Last week we revisited The Rijks Museum. As a quest I told my kids now to find the chubby boy (the Bicker boy painted by Bartholomeus van der Helst), so that they had something to go for in the museum (and whilst they weren’t actually aware of it, they were forced to look at a lot of other paintings in the meantime). What I had hoped for happened; the chubby boy was hard to find.
But Marten and Oopjen were hard to miss. Next to the Nachtwacht they were proudly presenting themselves.
Two beautiful paintings, I mean really beautiful. Man and woman hanging next to each other. Fitting perfectly with their black and white clothing. The lightning in the black areas and the shadows in the white laced accents were from such a standard only Rembrandt could nail it. And boy he did. But what most surprised me, was that I was struck by the name. No, not Marten. Sorry to all the Martens, it’s a common, not-to-mention name. It was Oopjen.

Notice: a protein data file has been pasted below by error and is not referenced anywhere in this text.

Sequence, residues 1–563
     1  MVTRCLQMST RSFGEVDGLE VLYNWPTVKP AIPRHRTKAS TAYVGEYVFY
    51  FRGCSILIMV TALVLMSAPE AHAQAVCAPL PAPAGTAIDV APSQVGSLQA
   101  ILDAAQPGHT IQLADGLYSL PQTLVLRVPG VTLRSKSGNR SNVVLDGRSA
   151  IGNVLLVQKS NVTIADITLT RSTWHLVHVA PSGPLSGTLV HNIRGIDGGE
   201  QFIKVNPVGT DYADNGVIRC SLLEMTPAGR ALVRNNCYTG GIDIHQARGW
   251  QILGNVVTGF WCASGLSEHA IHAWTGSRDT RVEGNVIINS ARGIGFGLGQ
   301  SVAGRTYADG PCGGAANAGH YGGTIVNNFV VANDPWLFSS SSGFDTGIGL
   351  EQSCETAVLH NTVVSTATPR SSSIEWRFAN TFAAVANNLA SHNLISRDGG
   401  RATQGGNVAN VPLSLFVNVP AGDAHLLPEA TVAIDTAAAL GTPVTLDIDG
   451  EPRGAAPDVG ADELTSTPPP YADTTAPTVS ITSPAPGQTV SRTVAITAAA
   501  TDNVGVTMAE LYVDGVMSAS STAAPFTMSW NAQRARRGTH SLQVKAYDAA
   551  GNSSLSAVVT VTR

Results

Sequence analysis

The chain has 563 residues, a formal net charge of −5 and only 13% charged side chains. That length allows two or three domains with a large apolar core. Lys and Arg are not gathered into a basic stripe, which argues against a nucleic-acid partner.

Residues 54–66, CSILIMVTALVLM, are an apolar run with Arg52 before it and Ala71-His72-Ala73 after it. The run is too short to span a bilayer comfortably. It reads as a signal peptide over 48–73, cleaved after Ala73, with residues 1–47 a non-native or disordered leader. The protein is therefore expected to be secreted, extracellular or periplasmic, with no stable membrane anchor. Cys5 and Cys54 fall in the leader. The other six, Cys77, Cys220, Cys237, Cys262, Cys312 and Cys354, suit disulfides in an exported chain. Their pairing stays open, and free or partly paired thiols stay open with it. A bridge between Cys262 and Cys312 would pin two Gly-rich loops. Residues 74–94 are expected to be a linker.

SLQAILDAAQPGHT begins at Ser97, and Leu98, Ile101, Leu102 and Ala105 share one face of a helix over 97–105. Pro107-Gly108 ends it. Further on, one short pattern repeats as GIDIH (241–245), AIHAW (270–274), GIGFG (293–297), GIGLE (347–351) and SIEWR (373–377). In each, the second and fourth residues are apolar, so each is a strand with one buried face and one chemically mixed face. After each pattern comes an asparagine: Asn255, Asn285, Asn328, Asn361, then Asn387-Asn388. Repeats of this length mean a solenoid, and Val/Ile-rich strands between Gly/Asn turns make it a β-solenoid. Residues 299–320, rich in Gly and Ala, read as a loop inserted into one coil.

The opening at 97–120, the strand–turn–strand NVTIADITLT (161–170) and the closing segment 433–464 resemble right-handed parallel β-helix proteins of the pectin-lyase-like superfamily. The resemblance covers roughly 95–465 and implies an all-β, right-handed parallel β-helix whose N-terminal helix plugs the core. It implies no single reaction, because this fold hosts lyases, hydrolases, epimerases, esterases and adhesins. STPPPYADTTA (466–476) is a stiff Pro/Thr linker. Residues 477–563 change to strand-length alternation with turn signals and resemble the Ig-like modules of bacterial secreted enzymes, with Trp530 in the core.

Standing there I realised how cool is it that one, I mean the Rijks, ‘stumbles upon’ two paintings who - besides the most important fact that they are Rembrandts - indeed should belong in the Netherlands. And that these particular paintings were named Marten and Oopjen. I mean Oopjen. For the foreigners among us: even in The Netherlands it is a very uncommon, funny-to-pronounce name.
If Oopjen weren’t Oopjen, but Maria or Sophia, I think those two weren’t appealing that much to my imagination as they did now. I will never forget Oopjen, although I have only seen her for a few minutes. She made me smile.
And that is what naming can do. It clings in. Think about that when you’re about to find a striking name for your brand or company. And no, Oopjen is not an option. She is already taken. By Rembrandt & The Rijks and Marten ofcourse...